I am sure most of us reading this are readers, and I love books, but this is not universal which is kinda sad.
The advantages of reading for pleasure
There are many different advantages of being an avid reader as a child and into adulthood they are:
- a better vocabulary
- a correlation between childhood reading for pleasure and academic success
- the ability see the perspective of others, as this is a skill frequently practiced whilst reading fiction.
- reading improves your memory
- it improves our ability to focus on just one thing, which is essential in today’s world which is full of distractions.
- it also can help you sleep (but not if reading on back-lit screens)
When I was young there wasn’t such a thing as YA books and the selection of books aimed at older children was either a bit crap or very outdated (think swallows and amazons etc), although I loved them. But this did mean that whilst I was a teenager, I didn’t read much except what I was set for English class. Then I discoverer trash in in the form of Jilly Cooper and Jackie Collins and their almost soft porn romances, Somehow this got me back into reading again. Now there is are plethora of books aimed at every age group and I have an 8 year old who enjoys reading, and loves being read too even more and I just wanted to have a discussion about the best ways of encouraging kids and young people to love literature in all its forms.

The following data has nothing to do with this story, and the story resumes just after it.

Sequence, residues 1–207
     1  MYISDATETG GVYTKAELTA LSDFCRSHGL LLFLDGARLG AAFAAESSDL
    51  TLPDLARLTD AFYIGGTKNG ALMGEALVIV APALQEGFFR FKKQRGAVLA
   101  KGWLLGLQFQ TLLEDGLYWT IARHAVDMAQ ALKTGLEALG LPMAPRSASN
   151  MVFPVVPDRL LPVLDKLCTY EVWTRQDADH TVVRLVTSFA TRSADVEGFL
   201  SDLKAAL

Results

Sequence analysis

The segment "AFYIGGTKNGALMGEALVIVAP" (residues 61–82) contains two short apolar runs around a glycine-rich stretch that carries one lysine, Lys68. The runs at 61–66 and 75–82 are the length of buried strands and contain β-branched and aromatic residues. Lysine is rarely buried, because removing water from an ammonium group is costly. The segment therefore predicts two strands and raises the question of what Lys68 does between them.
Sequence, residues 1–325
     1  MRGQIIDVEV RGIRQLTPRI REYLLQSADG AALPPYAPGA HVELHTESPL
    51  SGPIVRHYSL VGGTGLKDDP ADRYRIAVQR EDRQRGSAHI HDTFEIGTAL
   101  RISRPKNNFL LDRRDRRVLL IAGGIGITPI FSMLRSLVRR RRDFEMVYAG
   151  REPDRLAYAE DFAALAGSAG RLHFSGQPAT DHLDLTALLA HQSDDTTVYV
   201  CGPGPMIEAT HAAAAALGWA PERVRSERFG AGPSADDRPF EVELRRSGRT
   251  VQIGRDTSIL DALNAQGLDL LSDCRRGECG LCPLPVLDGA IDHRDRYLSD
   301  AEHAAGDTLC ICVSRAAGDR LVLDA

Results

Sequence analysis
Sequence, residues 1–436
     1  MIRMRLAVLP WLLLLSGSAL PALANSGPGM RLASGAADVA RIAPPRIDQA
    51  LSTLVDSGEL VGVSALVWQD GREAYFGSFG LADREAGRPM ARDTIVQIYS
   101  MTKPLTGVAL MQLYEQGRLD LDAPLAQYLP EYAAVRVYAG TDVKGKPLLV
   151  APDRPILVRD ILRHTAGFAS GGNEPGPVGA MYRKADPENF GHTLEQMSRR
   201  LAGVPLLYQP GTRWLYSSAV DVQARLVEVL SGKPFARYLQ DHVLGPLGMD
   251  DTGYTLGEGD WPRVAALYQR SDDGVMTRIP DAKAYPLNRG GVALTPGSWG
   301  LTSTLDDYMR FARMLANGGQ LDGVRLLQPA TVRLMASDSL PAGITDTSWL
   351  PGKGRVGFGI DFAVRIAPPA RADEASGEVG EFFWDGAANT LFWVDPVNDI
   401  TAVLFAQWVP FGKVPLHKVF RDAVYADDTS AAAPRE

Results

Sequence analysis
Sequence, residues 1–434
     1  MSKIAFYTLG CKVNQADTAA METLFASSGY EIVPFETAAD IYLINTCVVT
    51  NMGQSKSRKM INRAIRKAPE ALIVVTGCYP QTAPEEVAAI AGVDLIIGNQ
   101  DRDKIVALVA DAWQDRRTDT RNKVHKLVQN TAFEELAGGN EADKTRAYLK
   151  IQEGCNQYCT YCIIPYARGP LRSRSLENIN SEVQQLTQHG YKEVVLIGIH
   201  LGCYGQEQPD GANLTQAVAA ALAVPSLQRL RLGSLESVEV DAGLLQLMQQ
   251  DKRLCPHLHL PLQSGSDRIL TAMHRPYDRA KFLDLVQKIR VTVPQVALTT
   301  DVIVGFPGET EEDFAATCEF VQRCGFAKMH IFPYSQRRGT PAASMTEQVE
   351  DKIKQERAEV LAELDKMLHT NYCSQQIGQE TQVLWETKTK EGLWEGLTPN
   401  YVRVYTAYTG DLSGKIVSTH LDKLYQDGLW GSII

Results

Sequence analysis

How to grow a reader
Most of the usual advice with encouraging reading I think I am already doing:
- Have lots of books and other reading materials in the house for both adults and children. (check)
- Read yourself and be visible whilst doing it (check but only me, not her Dad)
- Read to the child frequently and don’t stop doing it once she is able to read herself.(check)
- Let the child choose her own reading material (check, she has reread some books to death almost)
but this raises a few questions in my head:
Should we influence their choice of books, and if so how?
Should we be censoring our kids and pointing them towards more worthy books, or is it great that they love reading what is fun. My daughter at the moment loves horrid Henry books and I have a feeling that its because of an almost voyeuristic pleasure with somebody else doing things that she knows that she can’t get away with. On the other hand she tried reading the Game of Thrones book, as I wouldn’t let her watch the TV Series (she’s only 8) and she read the fist page then got bored. Which brings me onto the next question.
Can Kids Self Censor subjects in books that they aren’t ready for?
As a teenager I had a theory that children, myself included could read whatever they wanted, and if the subject matter was either too adult, either on a sexual or violence level the child would either not understand it, or stop reading or skip over the troubling section, or they will find it boring and stop reading.
As Matilda says in her Roald Dahl book:
“Mr Hemingway ways a lot of things I don’t understand” Matilda said to her. “Especially about men and women. But I loved it all the same.
On the other hand, I have recently read Neil Gaiman talking in his book of essays, The view from the cheap seats, that he encouraged his daughter after she enjoyed the Goosebumps books to read Carrie by Stephen King, the result of which, she was put off books with anything even remotely scary, until adulthood.
So what do you think?
How did you develop a love of reading, either in childhood or as a teenager?
What book recommendations do you have for a 8 year old to either read to herself or for me to read allowed at bedtime (we have read the entire Harry Potter already)?
And of course any answers you might have to the other questions on letting children choose their own material and self censorship.